While unhappy with ‘Spirit Of Eden’, EMI sensed the band had been ahead of their time and keen to recoup their financial investment, the label released a compilation ‘Natural History’ in 1990. This led to ‘It’s My Life’ belatedly becoming a Top 20 UK hit single. By now, EMI’s relationship with TALK TALK had completely deteriorated but keen to exploit Hollis, Webb and Harris further, a remix album ‘History Revisited’ was issued, with EMI charging the band for the privilege from their unexpected boost in royalties. TALK TALK sued their former label and won, leading to all remaining copies to be destroyed.
Despite Paul Webb leaving, TALK TALK released one more album ‘Laughing Stock’ in 1991 via the jazz imprint Verve revived by Polydor Records. Expanding on ’Spirit Of Eden’, despite the post-rock acclaim, sales were poor and any new fans acquired via ‘Natural History’ were totally confused; TALK TALK disbanded.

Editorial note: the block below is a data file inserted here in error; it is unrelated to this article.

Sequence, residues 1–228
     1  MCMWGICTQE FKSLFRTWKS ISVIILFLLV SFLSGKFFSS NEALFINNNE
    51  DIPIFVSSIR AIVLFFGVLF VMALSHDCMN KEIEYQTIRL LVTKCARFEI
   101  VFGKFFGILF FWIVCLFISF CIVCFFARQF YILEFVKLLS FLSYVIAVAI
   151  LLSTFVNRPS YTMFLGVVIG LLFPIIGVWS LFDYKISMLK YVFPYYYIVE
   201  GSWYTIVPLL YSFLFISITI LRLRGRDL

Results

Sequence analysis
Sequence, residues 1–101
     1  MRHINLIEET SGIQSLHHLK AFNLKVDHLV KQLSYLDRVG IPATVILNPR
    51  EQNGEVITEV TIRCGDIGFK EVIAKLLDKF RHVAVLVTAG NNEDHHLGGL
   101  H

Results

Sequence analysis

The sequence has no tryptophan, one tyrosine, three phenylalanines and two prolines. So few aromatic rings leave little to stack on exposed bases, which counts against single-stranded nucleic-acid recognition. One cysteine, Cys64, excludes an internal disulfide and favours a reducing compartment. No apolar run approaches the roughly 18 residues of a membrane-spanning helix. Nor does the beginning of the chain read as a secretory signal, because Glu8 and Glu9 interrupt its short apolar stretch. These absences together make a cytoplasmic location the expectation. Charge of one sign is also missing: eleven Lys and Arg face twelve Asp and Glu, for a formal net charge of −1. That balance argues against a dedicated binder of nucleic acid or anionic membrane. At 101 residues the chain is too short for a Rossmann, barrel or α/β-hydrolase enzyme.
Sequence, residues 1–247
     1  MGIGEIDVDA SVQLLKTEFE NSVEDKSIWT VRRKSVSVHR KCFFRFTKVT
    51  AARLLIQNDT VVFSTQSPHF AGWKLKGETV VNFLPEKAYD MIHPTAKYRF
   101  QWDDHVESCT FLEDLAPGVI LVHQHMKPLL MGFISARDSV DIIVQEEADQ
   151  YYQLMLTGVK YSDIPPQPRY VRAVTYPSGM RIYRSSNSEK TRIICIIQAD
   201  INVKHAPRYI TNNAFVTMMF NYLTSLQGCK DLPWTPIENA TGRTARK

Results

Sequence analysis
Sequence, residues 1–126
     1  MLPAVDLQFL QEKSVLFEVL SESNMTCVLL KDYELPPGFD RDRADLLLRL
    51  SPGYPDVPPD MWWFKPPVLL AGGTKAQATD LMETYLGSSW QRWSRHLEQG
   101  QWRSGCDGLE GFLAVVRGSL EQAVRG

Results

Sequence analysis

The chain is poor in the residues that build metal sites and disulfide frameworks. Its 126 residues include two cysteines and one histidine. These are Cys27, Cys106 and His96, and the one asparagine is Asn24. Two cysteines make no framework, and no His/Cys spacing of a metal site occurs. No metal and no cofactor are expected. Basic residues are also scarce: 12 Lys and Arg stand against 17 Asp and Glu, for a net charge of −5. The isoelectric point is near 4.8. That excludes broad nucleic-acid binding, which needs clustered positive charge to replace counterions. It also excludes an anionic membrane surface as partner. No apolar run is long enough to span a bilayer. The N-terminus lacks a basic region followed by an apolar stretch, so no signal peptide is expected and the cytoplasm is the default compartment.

Hollis was left bruised and disillusioned by his experiences in the music industry, so he effectively semi-retired to study music composition. But in 1998, there was the surprise of a self-titled solo album where all the notes were written before any music was recorded. Sparse and minimal, it drew from 20th-century classical music and jazz. But it was to be Hollis’ final full length work as he withdrew to devote his time to his family.
A reclusive artist in the mould of Scott Walker and David Sylvian who each also had successful pop careers before venturing into more experimental territory, Mark Hollis leaves a legacy of artistic ambition over commercial success, standing up to the corruption of the music business. But ultimately, he was prepared to abandon everything for tranquillity and his own personal well-being.